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A person downvoted an answer with improper understanding of Java basic concepts. He added his comments for downvoting, which are invalid:

volatile: This keyword is applicable to both class and instance variables. The statement you said above is incorrect regarding applicable to class. only two key words that applicable to variable is volatile and transient. so volatile wont applicable for class. – ASR

But volatile keyword is applicable for static (class) variables.

How to handle this scenario?

It's not about losing two points but that the answer was downvoted for wrong reasons.

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    Take a deep breath and move on. You can't control the actions or beliefs of other people. – Robert Longson Feb 24 at 18:00
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    That comment did not mention downvoting, in its current state nor in its edit history. Downvoting is anonymous; don't assume you know who downvoted you. – Robert Harvey Feb 24 at 18:12
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    You can respond to the comment and clarify the user's misunderstanding. You can also edit your answer to clear the misunderstanding, for the benefit of anyone else who would come to the site with the same misunderstanding. Notice that in none of these scenarios do you address 'the downvote'. Cause you don't do it. The important part is the misunderstanding, not the button the user pressed on your post :) – Patrice Feb 24 at 18:17
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Downvotes are for "this answer is not useful".

You provided an answer to very complicated topic that already has a lot of coverage on SO and outside. Presumably you've done it because you personally found that this exact way of explaining the topic useful. There are some people who found it useful too, but you request that everyone finds your particular explanation useful. This is not how people work - we all have different ways to learn about things and some need pictures, some need deep details and some need summary explanation.

I personally find your answer "not useful" because significant portion is already covered in older answer and your post does not talk about Is a write to a volatile a memory-barrier in Java. I would likely downvote your answer if someone would point me to your answer as "the bestest and the mostest usefulest on whole planet".

Side note: if you want to discuss whether author of the comment who possibly read "applicable to both class and instance variables" as "applicable to class as well as applicable to instance variables" instead of intended "applicable to class variables and instance variables" is wrong then https://english.stackexchange.com/ may be a better place. I'd simply rewrite it as "... static and instance variables" to avoid confusion.

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Why are you complaining? Voting is anonymous, and yet that person added a negative comment to your post, and probably downvoted it at the same time, which is kind of brave and transparent (even if anonymous downvotes are the standard, fortunately).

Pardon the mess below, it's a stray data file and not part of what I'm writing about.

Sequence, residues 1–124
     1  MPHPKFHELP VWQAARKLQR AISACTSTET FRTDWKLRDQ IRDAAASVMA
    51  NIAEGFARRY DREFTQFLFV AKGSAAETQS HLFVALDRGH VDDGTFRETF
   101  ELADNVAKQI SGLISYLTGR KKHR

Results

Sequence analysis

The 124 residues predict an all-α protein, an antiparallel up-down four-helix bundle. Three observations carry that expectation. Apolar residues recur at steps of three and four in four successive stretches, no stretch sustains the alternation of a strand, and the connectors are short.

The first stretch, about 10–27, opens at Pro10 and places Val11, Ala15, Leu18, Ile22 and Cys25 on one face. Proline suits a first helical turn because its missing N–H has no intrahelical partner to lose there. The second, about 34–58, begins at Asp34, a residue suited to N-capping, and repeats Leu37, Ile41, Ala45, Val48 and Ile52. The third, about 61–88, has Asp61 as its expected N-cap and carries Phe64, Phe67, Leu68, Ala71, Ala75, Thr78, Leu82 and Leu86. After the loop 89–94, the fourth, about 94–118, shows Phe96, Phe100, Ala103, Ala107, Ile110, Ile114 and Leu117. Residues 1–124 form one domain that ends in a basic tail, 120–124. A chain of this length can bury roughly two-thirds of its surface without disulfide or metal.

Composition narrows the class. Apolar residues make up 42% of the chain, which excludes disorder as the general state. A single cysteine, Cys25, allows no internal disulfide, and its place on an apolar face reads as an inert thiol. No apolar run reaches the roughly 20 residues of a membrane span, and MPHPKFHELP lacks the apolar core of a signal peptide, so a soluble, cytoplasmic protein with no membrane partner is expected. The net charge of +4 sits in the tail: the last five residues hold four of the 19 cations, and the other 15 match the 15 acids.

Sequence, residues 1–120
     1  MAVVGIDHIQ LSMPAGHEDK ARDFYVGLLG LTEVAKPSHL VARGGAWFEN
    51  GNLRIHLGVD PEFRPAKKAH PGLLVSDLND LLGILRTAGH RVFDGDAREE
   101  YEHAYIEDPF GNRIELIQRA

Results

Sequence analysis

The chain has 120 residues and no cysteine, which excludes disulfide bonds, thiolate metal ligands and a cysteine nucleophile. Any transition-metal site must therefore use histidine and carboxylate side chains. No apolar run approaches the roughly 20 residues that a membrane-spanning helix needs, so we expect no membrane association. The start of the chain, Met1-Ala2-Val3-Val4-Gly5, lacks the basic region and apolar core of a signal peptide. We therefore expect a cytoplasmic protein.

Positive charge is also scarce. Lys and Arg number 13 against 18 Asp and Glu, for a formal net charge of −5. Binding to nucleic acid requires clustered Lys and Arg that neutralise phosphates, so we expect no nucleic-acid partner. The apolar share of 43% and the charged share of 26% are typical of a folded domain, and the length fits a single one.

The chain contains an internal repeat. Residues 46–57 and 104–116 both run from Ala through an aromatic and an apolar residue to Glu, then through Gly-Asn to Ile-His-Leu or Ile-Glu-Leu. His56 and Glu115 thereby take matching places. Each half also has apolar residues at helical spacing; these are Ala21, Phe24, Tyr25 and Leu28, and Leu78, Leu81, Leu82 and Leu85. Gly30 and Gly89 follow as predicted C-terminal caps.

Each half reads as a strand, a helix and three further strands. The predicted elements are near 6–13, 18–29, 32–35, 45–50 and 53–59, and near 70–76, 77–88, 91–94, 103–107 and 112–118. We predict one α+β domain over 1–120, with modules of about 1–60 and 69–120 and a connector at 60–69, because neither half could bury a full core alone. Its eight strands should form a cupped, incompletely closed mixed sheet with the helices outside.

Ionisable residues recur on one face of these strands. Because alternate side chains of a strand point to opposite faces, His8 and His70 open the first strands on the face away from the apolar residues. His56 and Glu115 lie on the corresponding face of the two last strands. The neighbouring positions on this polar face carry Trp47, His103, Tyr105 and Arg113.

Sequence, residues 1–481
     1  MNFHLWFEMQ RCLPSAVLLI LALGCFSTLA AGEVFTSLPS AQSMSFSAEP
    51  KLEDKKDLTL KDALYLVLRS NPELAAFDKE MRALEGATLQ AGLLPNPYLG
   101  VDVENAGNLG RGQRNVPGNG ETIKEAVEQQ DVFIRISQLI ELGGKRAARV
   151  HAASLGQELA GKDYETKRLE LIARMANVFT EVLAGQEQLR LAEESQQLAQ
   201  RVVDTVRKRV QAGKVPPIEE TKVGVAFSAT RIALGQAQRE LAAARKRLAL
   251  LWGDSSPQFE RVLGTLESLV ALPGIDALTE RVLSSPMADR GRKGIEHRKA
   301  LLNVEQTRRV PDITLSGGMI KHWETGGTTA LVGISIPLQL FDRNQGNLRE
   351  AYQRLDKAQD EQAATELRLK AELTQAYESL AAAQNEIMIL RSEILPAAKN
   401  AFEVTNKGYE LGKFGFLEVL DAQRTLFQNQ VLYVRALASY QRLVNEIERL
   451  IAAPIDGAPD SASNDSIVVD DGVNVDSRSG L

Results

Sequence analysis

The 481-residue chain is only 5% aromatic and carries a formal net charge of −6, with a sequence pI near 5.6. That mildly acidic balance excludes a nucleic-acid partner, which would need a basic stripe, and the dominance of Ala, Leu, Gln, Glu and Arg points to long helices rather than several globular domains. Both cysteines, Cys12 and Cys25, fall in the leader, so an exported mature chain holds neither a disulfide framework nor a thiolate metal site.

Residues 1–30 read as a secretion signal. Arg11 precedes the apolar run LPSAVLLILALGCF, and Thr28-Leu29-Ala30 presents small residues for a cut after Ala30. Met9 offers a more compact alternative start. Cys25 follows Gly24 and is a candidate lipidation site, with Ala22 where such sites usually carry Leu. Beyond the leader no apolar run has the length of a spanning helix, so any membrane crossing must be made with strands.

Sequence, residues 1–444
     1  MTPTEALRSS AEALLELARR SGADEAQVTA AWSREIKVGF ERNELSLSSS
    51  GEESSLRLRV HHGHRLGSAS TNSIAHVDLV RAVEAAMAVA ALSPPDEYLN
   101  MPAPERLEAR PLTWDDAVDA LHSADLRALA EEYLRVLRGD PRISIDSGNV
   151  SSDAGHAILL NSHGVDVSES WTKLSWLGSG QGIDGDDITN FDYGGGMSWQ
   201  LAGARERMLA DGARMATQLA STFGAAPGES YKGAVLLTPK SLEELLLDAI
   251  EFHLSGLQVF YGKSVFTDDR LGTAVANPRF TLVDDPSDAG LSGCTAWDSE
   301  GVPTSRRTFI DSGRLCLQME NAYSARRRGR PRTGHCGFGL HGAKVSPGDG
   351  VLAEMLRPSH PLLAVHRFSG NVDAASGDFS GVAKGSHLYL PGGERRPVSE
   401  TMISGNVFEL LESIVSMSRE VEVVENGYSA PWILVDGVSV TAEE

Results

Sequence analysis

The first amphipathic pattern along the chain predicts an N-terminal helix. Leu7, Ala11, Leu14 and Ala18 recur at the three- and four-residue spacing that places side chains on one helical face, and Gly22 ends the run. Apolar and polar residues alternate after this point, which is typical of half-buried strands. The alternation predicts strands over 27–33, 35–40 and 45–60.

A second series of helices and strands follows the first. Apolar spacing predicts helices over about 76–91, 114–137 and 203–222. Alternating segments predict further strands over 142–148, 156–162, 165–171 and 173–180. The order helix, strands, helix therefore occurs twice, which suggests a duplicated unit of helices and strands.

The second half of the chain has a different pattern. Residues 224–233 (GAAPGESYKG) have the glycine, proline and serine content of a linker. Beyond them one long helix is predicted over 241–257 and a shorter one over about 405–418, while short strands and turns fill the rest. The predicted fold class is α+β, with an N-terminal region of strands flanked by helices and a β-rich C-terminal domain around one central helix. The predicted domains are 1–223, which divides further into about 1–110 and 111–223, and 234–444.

Would you prefer an anonymous downvote for the wrong reasons (that you don't know)?

Note that another scenario could be: someone shares your link to several people, one gives negative feedback, and the other reads the feedback and downvotes.

At least you know almost for sure why your post was downvoted, and that gives you a chance to discuss with the person that probably did it, maybe edit your post, and make them change their mind, reverse their downvote, or - if it's not them - counter the downvote.

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How to handle this scenario?

You have nothing to handle. You have simply received a vote on one of your answer, so simply move on.

Will you complain when you get an upvote on a wrong answer?1 I don't think so.

Don't forget that someone may have lost their keys.


1: yes I saw upvotes on wrong answer but I may be wrong.

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    Tim's answer is a joke. It's not meant to discourage people from taking feedback into account. – Cody Gray Feb 25 at 0:49
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    @CodyGray yes but the joke means for me that we may have downvotes for various reasons that we cannot know. He also said : It's one down vote, don't worry about it - as long as you're sure that your answer is good, then put it out of mind. So having a +5/-1 doesn't really mean we should do something or we should worry about. If it was +5/-4 then probably there is something to consider. – Temani Afif Feb 25 at 1:01
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    Yes, one possible way of taking feedback into account is by ignoring it. If you are completely confident that your answer is correct and helpful, and you don't see any way that you can improve it, then feel free to ignore the downvote. Or ignore 10 downvotes. In this case, though, there is an indication in the comments that someone was confused about the meaning of the volatile keyword, so arguably the answer could be made better by addressing that confusion directly in the answer. It won't necessarily make the downvote go away, but it makes the answer better. – Cody Gray Feb 25 at 1:04

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